It’s understandable that people commit faux pas because of their unfamiliarity with a new culture, but wouldn’t it be nice if such unpleasantness were avoided by clearing up some common misunderstandings? Culture Trip asks Chinese people about the generalizations foreigners make about them, or things they say to them that gets under their skin.
If you try to approach a Chinese in an impressive way, at least you need to get it right at the beginning. By greeting them with “Hello” in Japanese and Korean is going to impress them, certainly, but in a bad way. If you can’t remember “Ni Hao,” “Hello” in Chinese, it’s better that you just greet them in English.
“What do you want to have for dinner?” “Whatever.” “Shall we watch that film tomorrow?” “Whatever is fine.” “Whatever” is a phrase that some Chinese love to say but more hate to hear. It seems like a thoughtful answer to give other people freedom to choose, but many just regard it as an excuse to run from responsibility. So think twice next time before you say “Whatever” as an answer to Chinese people’s questions.
While traveling outside of China, often people will try to strike up a conversation by pointing at the shelfful of goods saying, “You are from China? These are all made in China. Cheap and good!” As flattering as it is that they speak highly of made-in-China products, such comments are somehow reminiscent of the fact that the cheap price is at the cost of the toil of inexpensive Chinese labor, and sometimes quality, too.
Is it just us, or does this cliché-ridden line sound a little bit smug? It’s true that we can’t roam online freely because of the Great Firewall imposed by the government, and things are made even worse with the increasingly strict online censorship, but it doesn’t mean that Chinese are going to resign themselves to fate. It’s an open secret that a lot of Chinese use VPNs, or Virtual Private Networks, to access banned websites, and, above all, we don’t try so hard to climb over the wall just to use Facebook/Instagram/Twitter.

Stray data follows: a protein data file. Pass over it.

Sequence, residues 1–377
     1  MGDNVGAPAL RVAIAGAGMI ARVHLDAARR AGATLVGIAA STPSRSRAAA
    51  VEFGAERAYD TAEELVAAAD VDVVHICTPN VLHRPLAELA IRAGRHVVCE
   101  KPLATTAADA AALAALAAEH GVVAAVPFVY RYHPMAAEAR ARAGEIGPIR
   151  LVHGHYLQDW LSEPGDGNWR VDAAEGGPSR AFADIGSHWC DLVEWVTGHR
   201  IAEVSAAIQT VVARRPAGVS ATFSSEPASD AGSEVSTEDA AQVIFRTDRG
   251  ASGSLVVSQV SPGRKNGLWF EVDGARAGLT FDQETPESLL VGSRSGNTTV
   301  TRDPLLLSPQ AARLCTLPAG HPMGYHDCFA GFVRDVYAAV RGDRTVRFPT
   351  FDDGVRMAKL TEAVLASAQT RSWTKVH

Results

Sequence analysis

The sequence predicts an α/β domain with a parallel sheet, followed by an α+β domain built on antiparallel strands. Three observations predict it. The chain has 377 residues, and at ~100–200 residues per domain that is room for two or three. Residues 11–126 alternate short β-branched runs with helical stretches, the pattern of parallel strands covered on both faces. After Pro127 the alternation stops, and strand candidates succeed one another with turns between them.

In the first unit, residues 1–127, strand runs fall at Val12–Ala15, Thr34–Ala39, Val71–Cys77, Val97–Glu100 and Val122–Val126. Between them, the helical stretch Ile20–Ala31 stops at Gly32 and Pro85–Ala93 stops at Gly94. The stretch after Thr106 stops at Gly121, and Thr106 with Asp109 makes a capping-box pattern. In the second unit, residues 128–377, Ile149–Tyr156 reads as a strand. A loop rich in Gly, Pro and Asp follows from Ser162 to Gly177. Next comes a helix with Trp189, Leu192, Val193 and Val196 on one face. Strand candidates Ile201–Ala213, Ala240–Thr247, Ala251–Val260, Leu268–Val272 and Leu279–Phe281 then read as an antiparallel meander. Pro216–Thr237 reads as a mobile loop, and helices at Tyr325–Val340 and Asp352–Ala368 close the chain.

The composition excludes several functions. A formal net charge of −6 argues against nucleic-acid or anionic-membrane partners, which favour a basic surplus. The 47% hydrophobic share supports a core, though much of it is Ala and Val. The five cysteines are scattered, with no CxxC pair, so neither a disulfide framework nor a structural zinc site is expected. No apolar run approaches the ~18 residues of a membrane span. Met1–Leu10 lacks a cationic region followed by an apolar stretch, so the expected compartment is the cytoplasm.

It is true that some topics are sensitive in China, and there’s a risk of being jailed for gossiping online. As much as the fact that some Chinese tend to be more discreet while commenting on the self-deemed sensitive issues for fear of being spied by the censors, a lot of people don’t hide their feelings by ridiculing the whole censorship thing online, while some persist in expressing themselves despite their posts being deleted again and again. By suggesting that Chinese can’t express themselves because “you are not allowed” is a disrespect to those who carry on voicing themselves despite difficulties.
After waiting in vain for answers after being told “I’ll get back to you” time after time, let’s finally yield to the truth that “I’ll get back to you” actually means “I’ll never get back to you.” It’s true that Chinese people are keqi (modest and polite), so that they sometimes tend to speak tactfully to avoid conflicts, but we also admire the virtue of honesty, so please mean what you say, and if you really don’t have an answer, it’s OK to say “Sorry, but there’s nothing I can do.”
Chinese people might have more difficult math classes than anywhere else in the world, but, except for those who continue to pursue math subjects in college, most tend to give what they’ve learnt all back to their middle school teachers. The idea that Chinese are invincible at math problems may just be a stereotype too exaggerated by TV dramas. If you ask Chinese people who don’t major in maths to solve a math problem for you, they may just give you a big eye roll in their minds.